Amcu revises wage demand

2014-03-04 13:37

The Association of Mineworkers and Construction Union (Amcu) has offered a reconfigured wage demand to platinum companies that would have workers only achieve a R12 500 basic wage in three years.

This comes as the union announced it intention to have a large protest march in Pretoria on Thursday, when it would deliver memorandums to various government departments complaining about the alleged government support for the mining companies against Amcu.

The march marks a relaxation of the union’s thus far resolute refusal to allow any political parties to march under its banner despite vocal support from a wide range of old and new organisations.

Amcu has instead invited “all South Africans, various organisations, nongovernmental organisations, church leaders and traditional leaders who are in support of the workers’ struggle” to join it in Pretoria.

At a press briefing today, Amcu president Joseph Mathunjwa said the aim was to have 40 000 people march on the Union Buildings – an ambitious target that would serve to demonstrate Amcu’s power after widespread media attention was given to a small splinter group this weekend, which announced it wanted to form a new rival union called the Workers’ Association Union.

Amcu’s new demand is precisely what it had indicated it was moving towards two weeks ago when it said it was willing to negotiate on “how and when” the basic wage of R12 500 is achieved.

Mathunjwa said the union would consider the basic wage demand being met over three years – and an effective freeze on the allowances that mine workers receive in addition to the basic wage for the same period.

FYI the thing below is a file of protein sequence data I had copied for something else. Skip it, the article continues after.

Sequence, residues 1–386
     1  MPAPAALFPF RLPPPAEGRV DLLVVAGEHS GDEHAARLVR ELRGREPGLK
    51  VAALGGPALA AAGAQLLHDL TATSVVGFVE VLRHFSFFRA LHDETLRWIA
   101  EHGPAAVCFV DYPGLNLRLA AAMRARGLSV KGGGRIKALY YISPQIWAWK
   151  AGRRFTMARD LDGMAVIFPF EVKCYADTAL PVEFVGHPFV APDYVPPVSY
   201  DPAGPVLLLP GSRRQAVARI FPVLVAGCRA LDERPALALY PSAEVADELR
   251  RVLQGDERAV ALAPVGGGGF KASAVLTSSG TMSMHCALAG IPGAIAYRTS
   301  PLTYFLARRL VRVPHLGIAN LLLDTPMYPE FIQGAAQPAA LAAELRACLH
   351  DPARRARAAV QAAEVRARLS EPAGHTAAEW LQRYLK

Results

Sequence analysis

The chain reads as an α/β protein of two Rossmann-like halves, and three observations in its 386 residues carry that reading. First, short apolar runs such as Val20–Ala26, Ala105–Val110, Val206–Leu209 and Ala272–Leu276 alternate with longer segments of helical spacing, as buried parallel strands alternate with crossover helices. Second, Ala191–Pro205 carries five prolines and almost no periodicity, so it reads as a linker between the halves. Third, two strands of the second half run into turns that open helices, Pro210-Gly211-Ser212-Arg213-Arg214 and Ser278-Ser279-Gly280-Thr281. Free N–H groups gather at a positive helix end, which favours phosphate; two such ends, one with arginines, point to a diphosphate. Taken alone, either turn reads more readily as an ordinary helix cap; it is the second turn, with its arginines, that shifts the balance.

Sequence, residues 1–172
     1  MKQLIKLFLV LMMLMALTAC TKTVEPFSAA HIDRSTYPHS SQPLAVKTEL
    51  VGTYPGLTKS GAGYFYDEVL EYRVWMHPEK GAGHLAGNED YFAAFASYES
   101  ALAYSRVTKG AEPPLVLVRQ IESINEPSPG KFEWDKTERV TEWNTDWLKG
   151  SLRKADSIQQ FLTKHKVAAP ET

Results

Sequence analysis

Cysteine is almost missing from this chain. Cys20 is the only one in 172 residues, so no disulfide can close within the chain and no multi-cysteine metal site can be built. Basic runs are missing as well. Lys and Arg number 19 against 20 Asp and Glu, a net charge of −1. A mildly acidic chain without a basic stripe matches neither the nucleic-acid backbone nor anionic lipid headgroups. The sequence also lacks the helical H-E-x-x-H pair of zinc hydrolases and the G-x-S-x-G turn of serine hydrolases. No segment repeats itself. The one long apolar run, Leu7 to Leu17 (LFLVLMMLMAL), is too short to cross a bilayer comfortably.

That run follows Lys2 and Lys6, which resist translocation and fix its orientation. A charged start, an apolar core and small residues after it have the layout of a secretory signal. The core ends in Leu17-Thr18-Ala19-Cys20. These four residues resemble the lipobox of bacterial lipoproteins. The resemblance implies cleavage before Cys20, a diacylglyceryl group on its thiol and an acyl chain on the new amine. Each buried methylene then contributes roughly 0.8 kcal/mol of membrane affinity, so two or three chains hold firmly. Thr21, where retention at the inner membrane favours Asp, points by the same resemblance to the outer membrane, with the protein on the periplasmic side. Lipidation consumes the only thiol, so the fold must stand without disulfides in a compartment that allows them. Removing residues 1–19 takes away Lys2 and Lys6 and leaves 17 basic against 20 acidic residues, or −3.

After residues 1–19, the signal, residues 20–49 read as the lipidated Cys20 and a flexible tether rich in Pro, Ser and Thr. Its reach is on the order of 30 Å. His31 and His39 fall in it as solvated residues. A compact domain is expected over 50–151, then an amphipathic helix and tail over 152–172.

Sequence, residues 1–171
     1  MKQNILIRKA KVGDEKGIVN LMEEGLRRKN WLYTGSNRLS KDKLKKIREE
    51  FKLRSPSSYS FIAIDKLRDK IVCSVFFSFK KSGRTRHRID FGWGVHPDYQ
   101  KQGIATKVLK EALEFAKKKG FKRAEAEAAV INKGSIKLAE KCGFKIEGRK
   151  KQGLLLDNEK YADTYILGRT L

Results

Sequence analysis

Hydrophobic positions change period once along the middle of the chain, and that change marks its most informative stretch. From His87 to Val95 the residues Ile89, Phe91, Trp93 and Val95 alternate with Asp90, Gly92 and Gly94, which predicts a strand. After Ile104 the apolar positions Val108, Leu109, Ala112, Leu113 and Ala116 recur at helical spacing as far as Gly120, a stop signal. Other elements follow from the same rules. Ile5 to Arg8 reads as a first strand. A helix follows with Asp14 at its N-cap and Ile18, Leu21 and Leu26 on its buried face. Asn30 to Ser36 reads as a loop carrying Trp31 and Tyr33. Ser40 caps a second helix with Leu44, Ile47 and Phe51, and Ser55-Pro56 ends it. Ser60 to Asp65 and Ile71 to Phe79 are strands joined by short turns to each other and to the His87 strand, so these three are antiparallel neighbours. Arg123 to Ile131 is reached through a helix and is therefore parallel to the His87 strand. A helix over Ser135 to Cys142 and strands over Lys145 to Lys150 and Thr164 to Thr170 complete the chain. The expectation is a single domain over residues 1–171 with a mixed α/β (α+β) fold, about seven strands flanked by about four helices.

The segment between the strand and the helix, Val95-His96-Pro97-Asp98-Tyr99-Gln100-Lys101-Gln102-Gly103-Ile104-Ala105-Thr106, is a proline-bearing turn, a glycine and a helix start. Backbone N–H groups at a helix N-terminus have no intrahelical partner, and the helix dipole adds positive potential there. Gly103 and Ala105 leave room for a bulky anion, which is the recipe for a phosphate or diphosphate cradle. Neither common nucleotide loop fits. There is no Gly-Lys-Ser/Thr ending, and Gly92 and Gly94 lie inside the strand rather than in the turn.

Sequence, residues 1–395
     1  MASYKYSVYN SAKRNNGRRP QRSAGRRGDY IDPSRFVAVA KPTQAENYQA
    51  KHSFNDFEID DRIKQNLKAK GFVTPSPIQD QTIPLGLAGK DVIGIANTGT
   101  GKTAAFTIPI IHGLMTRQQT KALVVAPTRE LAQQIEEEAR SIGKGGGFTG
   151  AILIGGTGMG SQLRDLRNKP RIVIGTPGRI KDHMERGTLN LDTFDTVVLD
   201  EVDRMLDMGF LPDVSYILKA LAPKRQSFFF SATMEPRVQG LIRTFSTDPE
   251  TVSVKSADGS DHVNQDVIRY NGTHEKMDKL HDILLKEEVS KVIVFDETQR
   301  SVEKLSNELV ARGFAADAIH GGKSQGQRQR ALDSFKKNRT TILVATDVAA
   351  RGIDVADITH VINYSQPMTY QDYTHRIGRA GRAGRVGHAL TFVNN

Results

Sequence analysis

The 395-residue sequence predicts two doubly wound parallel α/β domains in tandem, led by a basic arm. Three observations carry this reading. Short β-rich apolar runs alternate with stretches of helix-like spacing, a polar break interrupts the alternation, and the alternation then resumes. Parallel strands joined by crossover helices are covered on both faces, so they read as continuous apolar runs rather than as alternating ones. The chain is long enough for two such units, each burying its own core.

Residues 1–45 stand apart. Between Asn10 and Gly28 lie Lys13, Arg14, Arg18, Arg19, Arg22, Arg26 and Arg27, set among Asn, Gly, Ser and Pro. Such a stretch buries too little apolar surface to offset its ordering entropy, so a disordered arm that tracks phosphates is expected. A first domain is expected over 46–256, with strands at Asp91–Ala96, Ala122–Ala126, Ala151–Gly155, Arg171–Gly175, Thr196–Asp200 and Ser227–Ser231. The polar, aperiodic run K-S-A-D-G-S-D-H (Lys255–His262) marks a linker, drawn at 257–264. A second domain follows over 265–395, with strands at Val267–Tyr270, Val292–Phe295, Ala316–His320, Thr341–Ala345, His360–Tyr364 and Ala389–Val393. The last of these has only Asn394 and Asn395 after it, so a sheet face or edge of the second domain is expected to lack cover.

These include the housing allowance, which currently amounts to about R1 950 a month and which Amcu has in the current negotiations demanded be trebled to more than R6 000.

That demand now falls away.

Mathunjwa this morning admitted that the Amcu demand, which has only the basic wage increase as opposed to other elements of remuneration, presents the companies with a problem.

Variable elements of pay like overtime, medical aid and provident fund contributions are all linked to the basic wage and would rise in tandem.

That is why the companies would prefer to raise the housing allowance rather than raise the basic wage by the same amount.

If it continues for much longer, the now six-week-old strike at Anglo American Platinum, Impala Platinum and Lonmin is likely to soon exhaust the companies’ inventories of metal and ore, exposing them to serious economic damage.

Amcu was set to meet the three platinum companies’ representatives today, where they would likely get a response to their new reconfigured demand.

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